Kate: Ha! I have been working on multiple versions of the same story for the last few years. It’s not working as a picture book at the moment. I’ve started writing it as a novel. I worked on Aviary Wonders on and off for about five years, never imagining that it would be published. I’m trying to return to the original creative spirit that led to that book — to focus on telling a story without being haunted by the voices of the publishing industry. An author friend recently told me that her first book just happened naturally and that she felt she had to learn how to write all over again to finish the second. That’s how I feel at the moment.

 



Story ideas: Frida as a seahorse and its detail …
(Click each to enlarge)


 

Mmm. Coffee.Okay, we’ve got our coffee and croissants, and it’s time to get a bit more detailed with seven questions over breakfast. I thank Kate again for visiting 7-Imp.

1. Jules: What exactly is your process when you are illustrating a book? You can start wherever you’d like when answering: getting initial ideas, starting to illustrate, or even what it’s like under deadline, etc. Do you outline a great deal of the book before you illustrate or just let your muse lead you on and see where you end up?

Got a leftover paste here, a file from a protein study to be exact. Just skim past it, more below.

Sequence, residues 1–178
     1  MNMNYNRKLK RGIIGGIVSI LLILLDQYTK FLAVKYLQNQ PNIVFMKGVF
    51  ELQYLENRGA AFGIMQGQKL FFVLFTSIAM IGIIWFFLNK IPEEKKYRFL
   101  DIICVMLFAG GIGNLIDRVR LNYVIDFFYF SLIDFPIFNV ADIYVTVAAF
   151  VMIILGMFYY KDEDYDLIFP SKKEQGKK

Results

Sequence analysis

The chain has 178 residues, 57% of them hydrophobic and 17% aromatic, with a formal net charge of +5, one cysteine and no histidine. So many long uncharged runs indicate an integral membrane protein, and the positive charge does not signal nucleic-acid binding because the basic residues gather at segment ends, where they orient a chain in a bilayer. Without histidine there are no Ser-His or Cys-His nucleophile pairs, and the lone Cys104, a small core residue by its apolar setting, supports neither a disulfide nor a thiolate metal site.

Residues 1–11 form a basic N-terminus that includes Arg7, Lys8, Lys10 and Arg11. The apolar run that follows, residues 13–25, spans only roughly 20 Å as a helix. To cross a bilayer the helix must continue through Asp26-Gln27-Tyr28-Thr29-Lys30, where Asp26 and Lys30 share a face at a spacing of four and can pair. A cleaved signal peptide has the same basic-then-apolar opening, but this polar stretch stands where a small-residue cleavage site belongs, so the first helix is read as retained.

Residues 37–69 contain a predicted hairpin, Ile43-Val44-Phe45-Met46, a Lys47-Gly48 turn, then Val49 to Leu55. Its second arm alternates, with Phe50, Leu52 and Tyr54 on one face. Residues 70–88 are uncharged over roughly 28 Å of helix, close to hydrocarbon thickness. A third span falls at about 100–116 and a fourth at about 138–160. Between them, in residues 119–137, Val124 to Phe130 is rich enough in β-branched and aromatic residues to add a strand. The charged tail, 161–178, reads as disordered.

Kate: My ideas come from traveling, looking at art, reading, memory, and day-dreaming. When I have an idea I want to explore, I’ll draw a few very detailed images of the character/s in different settings. Putting a lot of effort into refining the drawing helps me feel invested in the story. Then I’ll make a tiny dummy—like, 3×4 inches per page—and lay it out on the desk so that it’s easy to replace pages or move them around. I’ll do stick figures and jot down what needs to happen on each page. Most of these tiny dummies don’t advance to the next stage. I’ll put a rubber band around them and stick them in a drawer to look out months later. Time helps me figure out if they’re worth pursuing or not. If I feel like the story has an arc, I’ll turn it into a larger dummy with more complete sketches. Then, if it’s a story I want to show my editor, I’ll do very polished drawings on good paper. This probably isn’t necessary, but I enjoy the process.

 


Sketchbook
(Click to enlarge)


 


A dummy
(Click to enlarge)


 


Storyboard
(Click to enlarge)


 

2. Jules: Describe your studio or usual work space.

Kate: We’ve just moved, so I don’t have my own studio at the moment. My mother has been kind enough to share hers with me. We work in a converted garage. Working in a small space is, I’d like to think, forcing me to stay more organized.

 


(Click to enlarge)


 

3. Jules: As a book-lover, it interests me: What books or authors and/or illustrators influenced you as an early reader?